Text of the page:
France’s National Assembly has created an amendment that will legalise intelligence employees leaking information in order to blow the whistle on authorities abusing their power.
The author of the amendment, Jean-Jacques Urvoas, said, “The Snowdon case has demonstrated the need to create conditions so that agents can denounce abuses by the intelligence services.”
Edward Snowdon leaked classified documents from the American National Security Agency to the media, revealing global surveillance programs. Then, later in 2013, US federal prosecutors pressed him with criminal charges. He sought temporary asylum in Russia before getting a three-year Russian residency permit in 2014.
If Snowdon were a French citizen he might’ve remained a free man in his own country. The National Assembly’s amendment would create the conditions where a whistleblower could expose abuse of power. By creating a new authority that examines leaked documents from intelligence services if declassified by a governmental commission, whistleblowers needn’t send sensitive information direct to the media in order to expose abuse of power.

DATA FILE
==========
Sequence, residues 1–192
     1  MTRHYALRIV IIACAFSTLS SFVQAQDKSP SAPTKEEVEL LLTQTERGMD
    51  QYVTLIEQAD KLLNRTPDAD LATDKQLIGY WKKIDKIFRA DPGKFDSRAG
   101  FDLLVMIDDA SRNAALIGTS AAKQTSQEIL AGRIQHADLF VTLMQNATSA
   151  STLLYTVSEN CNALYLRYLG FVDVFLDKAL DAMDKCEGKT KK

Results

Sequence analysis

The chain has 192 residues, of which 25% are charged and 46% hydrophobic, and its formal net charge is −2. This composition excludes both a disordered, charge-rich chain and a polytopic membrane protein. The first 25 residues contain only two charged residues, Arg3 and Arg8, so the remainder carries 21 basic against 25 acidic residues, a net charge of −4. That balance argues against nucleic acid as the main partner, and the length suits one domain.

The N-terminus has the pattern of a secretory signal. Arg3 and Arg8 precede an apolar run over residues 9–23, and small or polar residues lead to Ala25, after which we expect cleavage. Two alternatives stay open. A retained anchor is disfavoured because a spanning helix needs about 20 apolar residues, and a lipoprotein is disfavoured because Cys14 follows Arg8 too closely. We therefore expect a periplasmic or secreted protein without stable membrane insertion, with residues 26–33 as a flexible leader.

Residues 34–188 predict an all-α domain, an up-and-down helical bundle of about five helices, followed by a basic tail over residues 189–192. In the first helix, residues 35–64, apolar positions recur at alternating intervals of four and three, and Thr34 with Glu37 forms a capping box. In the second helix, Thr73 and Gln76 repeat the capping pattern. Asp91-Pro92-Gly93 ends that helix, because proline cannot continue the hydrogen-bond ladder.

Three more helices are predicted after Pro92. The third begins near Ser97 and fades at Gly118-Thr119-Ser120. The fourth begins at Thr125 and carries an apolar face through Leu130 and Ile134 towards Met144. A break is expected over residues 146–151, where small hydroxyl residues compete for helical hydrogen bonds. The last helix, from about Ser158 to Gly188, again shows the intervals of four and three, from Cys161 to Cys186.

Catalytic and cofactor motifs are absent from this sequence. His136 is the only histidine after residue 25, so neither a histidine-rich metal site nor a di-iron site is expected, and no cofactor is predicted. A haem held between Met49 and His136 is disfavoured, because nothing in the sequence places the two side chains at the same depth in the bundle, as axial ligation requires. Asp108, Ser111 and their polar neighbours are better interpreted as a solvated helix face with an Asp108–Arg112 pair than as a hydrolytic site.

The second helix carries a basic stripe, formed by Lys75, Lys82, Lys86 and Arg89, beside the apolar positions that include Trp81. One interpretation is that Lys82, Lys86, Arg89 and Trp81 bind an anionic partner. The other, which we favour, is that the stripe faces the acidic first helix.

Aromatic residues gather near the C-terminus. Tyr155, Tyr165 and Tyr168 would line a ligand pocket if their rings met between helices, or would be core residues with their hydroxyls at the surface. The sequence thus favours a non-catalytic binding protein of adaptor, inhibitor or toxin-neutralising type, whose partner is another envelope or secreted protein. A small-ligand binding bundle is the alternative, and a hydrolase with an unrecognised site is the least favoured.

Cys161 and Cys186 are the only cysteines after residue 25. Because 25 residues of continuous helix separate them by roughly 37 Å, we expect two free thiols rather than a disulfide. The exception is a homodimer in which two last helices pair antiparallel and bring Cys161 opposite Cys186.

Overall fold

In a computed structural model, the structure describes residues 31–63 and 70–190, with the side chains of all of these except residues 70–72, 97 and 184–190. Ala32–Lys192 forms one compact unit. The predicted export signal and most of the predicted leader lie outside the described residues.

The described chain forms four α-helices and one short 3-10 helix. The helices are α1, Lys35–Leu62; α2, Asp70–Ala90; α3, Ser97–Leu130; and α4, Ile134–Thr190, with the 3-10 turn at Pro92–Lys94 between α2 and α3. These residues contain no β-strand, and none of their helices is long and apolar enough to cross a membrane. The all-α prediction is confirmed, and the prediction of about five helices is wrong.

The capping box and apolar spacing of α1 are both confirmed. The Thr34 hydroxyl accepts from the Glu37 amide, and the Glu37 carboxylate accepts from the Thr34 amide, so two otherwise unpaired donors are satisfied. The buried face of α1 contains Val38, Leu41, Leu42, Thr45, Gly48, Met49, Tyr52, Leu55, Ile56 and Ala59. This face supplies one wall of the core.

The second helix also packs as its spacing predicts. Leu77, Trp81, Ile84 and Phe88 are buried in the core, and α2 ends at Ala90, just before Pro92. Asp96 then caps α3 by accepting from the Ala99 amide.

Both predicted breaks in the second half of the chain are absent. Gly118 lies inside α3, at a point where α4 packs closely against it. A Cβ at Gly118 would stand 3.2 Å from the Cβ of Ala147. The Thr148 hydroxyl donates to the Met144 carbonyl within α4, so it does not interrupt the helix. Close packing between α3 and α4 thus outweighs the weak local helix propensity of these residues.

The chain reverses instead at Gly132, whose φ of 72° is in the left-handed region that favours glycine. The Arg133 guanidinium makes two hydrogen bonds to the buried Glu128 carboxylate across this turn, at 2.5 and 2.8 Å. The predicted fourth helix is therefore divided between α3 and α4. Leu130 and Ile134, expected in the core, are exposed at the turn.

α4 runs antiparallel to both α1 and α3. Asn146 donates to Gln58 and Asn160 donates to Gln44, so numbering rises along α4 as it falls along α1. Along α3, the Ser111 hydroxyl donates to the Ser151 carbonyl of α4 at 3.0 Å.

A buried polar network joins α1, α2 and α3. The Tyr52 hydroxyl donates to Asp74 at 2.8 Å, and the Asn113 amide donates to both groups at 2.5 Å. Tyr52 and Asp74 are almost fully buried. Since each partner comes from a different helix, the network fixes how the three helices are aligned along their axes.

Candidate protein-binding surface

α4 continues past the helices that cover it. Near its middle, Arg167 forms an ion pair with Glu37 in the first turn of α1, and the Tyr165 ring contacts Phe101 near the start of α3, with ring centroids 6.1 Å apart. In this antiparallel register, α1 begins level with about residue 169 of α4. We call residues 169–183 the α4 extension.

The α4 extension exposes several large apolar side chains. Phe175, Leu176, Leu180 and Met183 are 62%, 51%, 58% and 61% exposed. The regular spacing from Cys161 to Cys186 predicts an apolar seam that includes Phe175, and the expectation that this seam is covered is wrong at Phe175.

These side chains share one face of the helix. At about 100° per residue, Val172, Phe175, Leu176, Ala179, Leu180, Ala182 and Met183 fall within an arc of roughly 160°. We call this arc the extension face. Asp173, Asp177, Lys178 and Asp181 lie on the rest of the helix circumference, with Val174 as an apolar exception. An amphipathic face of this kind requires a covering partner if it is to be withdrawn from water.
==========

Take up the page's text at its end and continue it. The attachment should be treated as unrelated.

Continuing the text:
There are different laws surrounding whistleblowing in different countries. If you’re a UK citizen and considering becoming a whistleblower you should seek legal advice from a specialist lawyer. They can help you disclose the information in the correct manner and ensure your employment rights are protected in Great Britain.
Whistleblowing laws in this country require that particular information is disclosed to the right people in the right way for you to benefit from protection. The risk is that you might otherwise legitimately be penalised for the manner in which you blow the whistle – particularly in cases involving highly confidential or sensitive information.
It is worth taking advice, and assistance, to get some peace of mind.
Samantha Mangwana is a Principal Employment Lawyer at Slater and Gordon Lawyers UK.